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Francis Focuses Easter Message on Hope, With Prayers for an End to Global Conflicts

Pope Francis
Pope Francis bestows the plenary 'Urbi et Orbi' (to the city and to the world) blessing from the central lodge of the St. Peter's Basilica at The Vatican at the end of the Easter Sunday mass, Sunday, April 9, 2023. (AP Photo/Alessandra Tarantino)

ROME (RNS) — The joy of Christ’s resurrection can bring much needed hope to a world ravaged by war, violence and death, Pope Francis said during his annual Easter address, delivered from the central balcony of St. Peter’s Basilica after an outdoor Mass.

“Let us make haste to surmount our conflicts and divisions, and to open our hearts to those in greatest need. Let us hasten to pursue paths of peace and fraternity,” the pope said Sunday (April 8), before delivering his Easter blessing “urbi et orbi” (“to the city and to the world”).

“Let us rejoice at the concrete signs of hope that reach us from so many countries, beginning with those that offer assistance and welcome to all fleeing from war and poverty,” he said to the crowd gathered in St. Peter’s Square, estimated by the Vatican press office to be about 100,000.

The semi-annual blessing, also given on Christmas, offers a plenary indulgence, or the forgiveness of sins, to the faithful present and those watching on screens around the world.

Although his voice was slightly raspy after his recent recovery from a respiratory infection, Francis seemed in good spirits and warmly greeted the cheering crowd.

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In his address, the pope told the faithful present that on Easter, “the destiny of the world was changed.” The proclamation that Christ is “truly risen” is a reminder that “our hope is not an illusion, but the truth,” he said.

Nevertheless, there are “stumbling stones” that make it “difficult and demanding to hasten toward the Risen Lord,” said Francis, before praying for the conflict between Ukraine and Russia.

“Help the beloved Ukrainian people on their journey toward peace, and shed the light of Easter upon the people of Russia,” he prayed. “Comfort the wounded and all those who have lost loved ones because of the war, and grant that prisoners may return safe and sound to their families.”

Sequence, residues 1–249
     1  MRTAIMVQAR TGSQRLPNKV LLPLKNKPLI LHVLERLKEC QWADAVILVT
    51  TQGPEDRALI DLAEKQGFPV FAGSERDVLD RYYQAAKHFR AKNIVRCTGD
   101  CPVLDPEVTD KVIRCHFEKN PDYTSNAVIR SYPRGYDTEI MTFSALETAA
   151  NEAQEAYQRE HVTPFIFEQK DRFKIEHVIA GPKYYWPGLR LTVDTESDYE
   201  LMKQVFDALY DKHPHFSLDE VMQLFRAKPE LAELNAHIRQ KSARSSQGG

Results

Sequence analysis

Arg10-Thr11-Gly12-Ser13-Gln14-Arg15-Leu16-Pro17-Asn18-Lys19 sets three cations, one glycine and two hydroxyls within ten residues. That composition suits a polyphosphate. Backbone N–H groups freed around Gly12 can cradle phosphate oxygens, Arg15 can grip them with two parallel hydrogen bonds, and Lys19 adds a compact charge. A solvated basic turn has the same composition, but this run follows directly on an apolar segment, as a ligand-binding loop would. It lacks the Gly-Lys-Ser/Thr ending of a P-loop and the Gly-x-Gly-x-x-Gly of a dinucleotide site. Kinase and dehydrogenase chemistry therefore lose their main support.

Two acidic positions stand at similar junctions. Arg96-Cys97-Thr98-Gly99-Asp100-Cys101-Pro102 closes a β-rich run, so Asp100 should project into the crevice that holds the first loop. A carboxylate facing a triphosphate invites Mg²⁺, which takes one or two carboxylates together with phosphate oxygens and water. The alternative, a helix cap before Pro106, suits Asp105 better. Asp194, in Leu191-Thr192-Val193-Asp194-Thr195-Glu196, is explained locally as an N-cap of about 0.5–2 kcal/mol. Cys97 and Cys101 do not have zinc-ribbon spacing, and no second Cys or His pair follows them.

Francis also prayed that the international community would work together and “strive to end this war and all conflict and bloodshed in our world, beginning with Syria, which still awaits peace.”

He also entrusted the city of Jerusalem to God, after a volatile week which saw Israeli forces raid the Al-Aqsa mosque and retaliatory attacks against Israeli citizens as well as tourists in Tel Aviv.

“On this day, Lord, we entrust to you the city of Jerusalem, the first witness of your resurrection. May there be a resumption of dialogue, in a climate of trust and reciprocal respect, between Israelis and Palestinians, so that peace may reign in the Holy City and in the entire region,” Francis prayed.

The pope also prayed for the people of Lebanon, Tunisia, Myanmar and Haiti who have been “sorely tried” by conflict, violence, persecution and economic hardship.

He also prayed for Christians in Nicaragua, Eritrea and “all who are prevented from freely and publicly professing their faith,” as well as victims of international terrorism in Burkina Faso, Mali, Mozambique and Nigeria.

Lastly, Francis prayed God would bring comfort to refugees, deportees, political prisoners and migrants, who often suffer due to “hunger, poverty, the dire effects of the drug trade, human trafficking and all other forms of slavery.”

“Lord, inspire the leaders of nations to ensure that no man or woman may encounter discrimination and be violated in his or her dignity; that in full respect for  human rights and democracy these social wounds may be healed; that the common good of the citizenry may be pursued always and solely; and that security and the conditions needed for dialogue and peaceful coexistence may be guaranteed,” the pope said.

This article originally appeared here.